Scientists have discovered an efficient and straightforward model to manipulate RNA nanoparticles, a new concept that could help trigger desirable activation of the immune system with vaccines and therapies.
A multi-institutional team of researchers used an approach to fine tune DNA and RNA nanoparticles to activate multiple biological functions and pathways. The group recently published its findings in Nucleic Acids Research.
For the study, scientists from the Frederick National Lab, University of North Carolina at Charlotte (UNCC), National Cancer Institute, Pavol Jozef Safarik University in Slovakia, and Ball State University focused on RNA nanoparticles since they are more reactive and can activate stronger immune responses than their DNA counterparts. RNAs not only carry genetic information but have additional functions through regulation of gene expression and editing.
Building on previous studies, the researchers used advanced technology and computer simulations to characterize RNA nanoparticles with different shapes and compositions. The model included cubes composed of RNA only, DNA only, and various combinations of RNA and DNA strands.
Kirill Afonin, Ph.D., assistant professor of chemistry, UNCC, who is the project’s principal investigator, developed a unique technology that allows for assembling traditional DNA and RNA oligonucleotides—short molecules that have a wide range of applications in research—into nanostructures of different shapes that nature doesn’t produce.
“We know how the immune system handles host DNA and RNA and how it responds to therapeutic nucleic acids such as RNAi or antisense oligonucleotides,” explained Marina Dobrovolskaia, Ph.D., MBA, senior principal scientist, head of the Nanotechnology Characterization Laboratory’s Immunology Section, and co-author of the study. “However, it is unknown how the immune system reacts to DNA/RNA nanoparticles which are made of the traditional nucleic acids assembled into nanostructures with different shapes. We are filling this gap by determining the immune recognition of these novel materials.”
The research team studied structural activity relationships using engineered DNA/RNA nanomaterials, which allowed the scientists to determine which structures were responsible for producing desirable or undesirable effects, Dobrovolskaia said.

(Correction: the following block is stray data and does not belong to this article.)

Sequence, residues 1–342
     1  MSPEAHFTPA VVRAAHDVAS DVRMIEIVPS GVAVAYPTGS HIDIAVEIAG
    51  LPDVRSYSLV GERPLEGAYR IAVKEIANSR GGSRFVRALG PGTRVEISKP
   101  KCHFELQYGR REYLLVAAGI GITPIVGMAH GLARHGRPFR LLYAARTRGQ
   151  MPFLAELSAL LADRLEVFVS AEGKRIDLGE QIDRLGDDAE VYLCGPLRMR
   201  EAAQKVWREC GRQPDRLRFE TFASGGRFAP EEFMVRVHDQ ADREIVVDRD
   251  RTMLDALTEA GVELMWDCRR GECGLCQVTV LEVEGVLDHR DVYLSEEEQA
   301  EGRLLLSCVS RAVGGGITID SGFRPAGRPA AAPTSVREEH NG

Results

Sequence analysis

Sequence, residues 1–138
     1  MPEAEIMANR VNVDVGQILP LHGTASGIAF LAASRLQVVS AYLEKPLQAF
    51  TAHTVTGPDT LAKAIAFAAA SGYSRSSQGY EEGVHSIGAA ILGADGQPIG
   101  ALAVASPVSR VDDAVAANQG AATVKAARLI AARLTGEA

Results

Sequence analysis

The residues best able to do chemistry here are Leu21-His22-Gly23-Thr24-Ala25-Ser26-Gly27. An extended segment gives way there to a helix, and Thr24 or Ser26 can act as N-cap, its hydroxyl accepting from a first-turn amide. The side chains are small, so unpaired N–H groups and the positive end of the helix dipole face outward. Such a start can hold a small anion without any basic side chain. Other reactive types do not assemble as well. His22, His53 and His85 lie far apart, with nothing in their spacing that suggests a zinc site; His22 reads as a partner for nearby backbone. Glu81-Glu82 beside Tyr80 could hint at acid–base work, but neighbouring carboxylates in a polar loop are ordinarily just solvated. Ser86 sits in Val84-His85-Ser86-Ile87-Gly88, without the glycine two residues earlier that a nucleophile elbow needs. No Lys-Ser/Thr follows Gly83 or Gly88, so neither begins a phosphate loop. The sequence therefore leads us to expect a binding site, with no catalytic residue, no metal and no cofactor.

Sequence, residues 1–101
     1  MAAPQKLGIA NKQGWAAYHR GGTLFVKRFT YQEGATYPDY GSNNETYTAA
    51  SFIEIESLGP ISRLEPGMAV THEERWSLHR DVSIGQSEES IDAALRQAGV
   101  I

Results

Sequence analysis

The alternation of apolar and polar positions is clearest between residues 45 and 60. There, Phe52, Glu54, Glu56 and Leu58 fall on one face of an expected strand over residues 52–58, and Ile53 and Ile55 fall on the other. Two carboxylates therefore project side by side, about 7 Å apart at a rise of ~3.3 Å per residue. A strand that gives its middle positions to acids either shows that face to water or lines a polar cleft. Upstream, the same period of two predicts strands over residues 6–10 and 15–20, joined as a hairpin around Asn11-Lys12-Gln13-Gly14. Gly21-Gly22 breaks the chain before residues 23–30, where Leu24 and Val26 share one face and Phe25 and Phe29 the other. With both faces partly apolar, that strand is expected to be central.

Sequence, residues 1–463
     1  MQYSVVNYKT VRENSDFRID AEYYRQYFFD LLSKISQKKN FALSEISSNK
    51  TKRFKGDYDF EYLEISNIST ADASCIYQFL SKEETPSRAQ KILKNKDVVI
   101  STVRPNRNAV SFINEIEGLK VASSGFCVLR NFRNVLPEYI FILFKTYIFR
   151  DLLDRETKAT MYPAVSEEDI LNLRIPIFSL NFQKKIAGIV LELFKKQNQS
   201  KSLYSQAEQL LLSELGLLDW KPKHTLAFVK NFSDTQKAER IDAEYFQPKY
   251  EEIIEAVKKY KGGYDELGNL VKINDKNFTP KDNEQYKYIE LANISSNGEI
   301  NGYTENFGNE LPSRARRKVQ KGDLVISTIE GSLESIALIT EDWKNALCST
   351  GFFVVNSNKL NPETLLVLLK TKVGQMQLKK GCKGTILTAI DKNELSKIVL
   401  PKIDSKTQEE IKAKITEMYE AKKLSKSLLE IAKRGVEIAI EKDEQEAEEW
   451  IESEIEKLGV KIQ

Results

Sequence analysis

The group worked with two nucleic acid structures that are invisible to the immune system and separately have no functions. Using various methods such as computational predictions, 3D modeling, nanoparticle assembly and purification, imaging, and statistical analysis, the research team reassembled the nanoparticles to form structures possessing important biological functions that can stimulate the immune system.
The scientists’ work is addressing a critical need in nanoscience. Not only does the research advance understanding of the field, but it also serves a safety and environmental health need by informing agencies like the FDA and EPA about the potential dangers of working with RNA nanoparticles.
“The resources we have here at the Nanotechnology Characterization Laboratory are unique,” said Dobrovolskaia. “We are combining these resources to deliver results to the research community, but we are also informing regulators about what is safe and what is not safe with this type of science.”
Further collaborative research between UNCC and the Nanotechnology Characterization Laboratory is underway to determine a precise mechanism for immune recognition of these particles, which could have a significant impact on the promising future of using nanoparticles to trigger desirable health effects and avoid undesirable toxicities.
By Max Cole, Portrait by Richard Frederickson, Staff Photographer
Image: The scientists used various methods to characterize RNA nanoparticles with different shapes and compositions, shown here. The model included cubes composed of RNA only, DNA only, and various combinations of RNA and DNA strands.
The figure is reproduced under the terms of the copyright agreement from Halman JR et al. Functionally-interdependent shape-switching nanoparticles with controllable properties. Nucleic Acids Res. 2017 Feb 28;45(4):2210-2220.